It’s understandable that the prospect of hefty debt following university may put people off; particularly the poor, for whom further education is most needed. However, if people are forward looking enough to think about the debt they’ll leave with, should they not also consider the higher earning potential yielded by a marketable degree? Rather than being a justification for subsidies, an aversion to taking on debt is reason for parents and teachers to engage students in serious, practical discussions when these decisions must be made.
November 21, 2005
The Times comments on the increased popularity of foreign universities in the light of high domestic competition for places and impending top-up fees. It focuses on those hoping to study dentistry or medicine.
British medical students are heading for eastern European universities to beat fierce competition for places in the UK and the prospect of rising fees. They calculate that the chances of being accepted on courses in countries such as the Czech Republic are better than at UK universities and that the cost, including living expenses, is lower. The option has become increasingly attractive since the admission of more countries to the European Union last year. Doctors and dentists with degrees from within the EU are able to practise in Britain without taking conversion courses.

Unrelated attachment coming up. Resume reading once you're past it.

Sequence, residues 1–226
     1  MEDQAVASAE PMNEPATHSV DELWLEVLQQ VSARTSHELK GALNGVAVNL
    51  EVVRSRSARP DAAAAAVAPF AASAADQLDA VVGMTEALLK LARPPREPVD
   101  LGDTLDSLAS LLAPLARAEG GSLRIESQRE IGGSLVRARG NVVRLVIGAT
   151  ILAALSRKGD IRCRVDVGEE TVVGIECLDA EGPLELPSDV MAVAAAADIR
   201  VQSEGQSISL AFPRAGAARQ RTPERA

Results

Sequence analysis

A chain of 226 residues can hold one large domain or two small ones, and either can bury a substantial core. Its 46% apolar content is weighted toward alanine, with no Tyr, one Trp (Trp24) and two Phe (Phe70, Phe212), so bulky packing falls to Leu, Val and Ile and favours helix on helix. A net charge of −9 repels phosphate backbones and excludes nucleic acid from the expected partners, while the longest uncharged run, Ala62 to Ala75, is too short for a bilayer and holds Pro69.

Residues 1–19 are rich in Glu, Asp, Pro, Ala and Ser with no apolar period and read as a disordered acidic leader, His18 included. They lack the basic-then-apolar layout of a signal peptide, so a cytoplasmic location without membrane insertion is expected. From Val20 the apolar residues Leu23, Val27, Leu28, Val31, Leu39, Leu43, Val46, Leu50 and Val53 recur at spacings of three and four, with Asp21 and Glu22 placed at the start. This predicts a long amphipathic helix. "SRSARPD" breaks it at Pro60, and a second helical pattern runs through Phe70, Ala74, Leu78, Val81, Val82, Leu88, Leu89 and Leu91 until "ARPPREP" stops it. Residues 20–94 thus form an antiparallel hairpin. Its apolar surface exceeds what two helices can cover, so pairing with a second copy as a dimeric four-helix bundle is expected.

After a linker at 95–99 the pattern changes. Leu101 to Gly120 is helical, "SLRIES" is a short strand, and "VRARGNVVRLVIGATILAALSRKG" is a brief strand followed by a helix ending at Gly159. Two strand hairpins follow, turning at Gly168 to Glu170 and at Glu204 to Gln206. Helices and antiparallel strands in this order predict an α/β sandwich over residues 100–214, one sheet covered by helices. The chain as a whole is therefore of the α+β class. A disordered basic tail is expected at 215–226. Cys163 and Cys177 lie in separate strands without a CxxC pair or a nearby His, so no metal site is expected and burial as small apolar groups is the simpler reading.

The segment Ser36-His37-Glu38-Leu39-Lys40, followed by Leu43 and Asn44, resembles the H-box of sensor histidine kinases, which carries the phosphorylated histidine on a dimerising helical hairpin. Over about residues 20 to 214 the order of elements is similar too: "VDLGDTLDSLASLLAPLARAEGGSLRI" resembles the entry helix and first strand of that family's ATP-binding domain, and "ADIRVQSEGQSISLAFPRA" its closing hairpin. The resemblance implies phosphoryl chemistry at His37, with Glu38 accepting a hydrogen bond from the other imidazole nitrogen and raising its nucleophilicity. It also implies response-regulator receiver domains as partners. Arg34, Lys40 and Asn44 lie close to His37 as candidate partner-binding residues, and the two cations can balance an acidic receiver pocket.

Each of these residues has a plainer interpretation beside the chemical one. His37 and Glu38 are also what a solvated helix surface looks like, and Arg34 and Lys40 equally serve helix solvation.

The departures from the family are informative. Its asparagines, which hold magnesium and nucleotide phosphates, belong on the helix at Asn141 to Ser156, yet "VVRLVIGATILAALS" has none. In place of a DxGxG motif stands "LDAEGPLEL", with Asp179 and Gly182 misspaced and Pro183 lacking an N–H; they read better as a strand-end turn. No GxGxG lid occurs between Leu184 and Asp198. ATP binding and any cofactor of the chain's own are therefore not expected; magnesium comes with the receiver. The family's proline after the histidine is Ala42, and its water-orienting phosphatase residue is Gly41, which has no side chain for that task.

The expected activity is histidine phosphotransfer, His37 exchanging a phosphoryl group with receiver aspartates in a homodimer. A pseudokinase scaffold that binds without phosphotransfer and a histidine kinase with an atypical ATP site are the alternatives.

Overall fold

Komel Ali, 20, a medical student from Preston, Lancashire, studying medicine, studied at the independent Kirkham Grammar, a girls’ school near Preston. She chose Prague because of the strong competition for places in British medical schools. The latest figures in Britain show that 17,826 students applied to UK medical schools in 2004, but only 7,955 were accepted. Some of the most popular universities had 17 applications per place.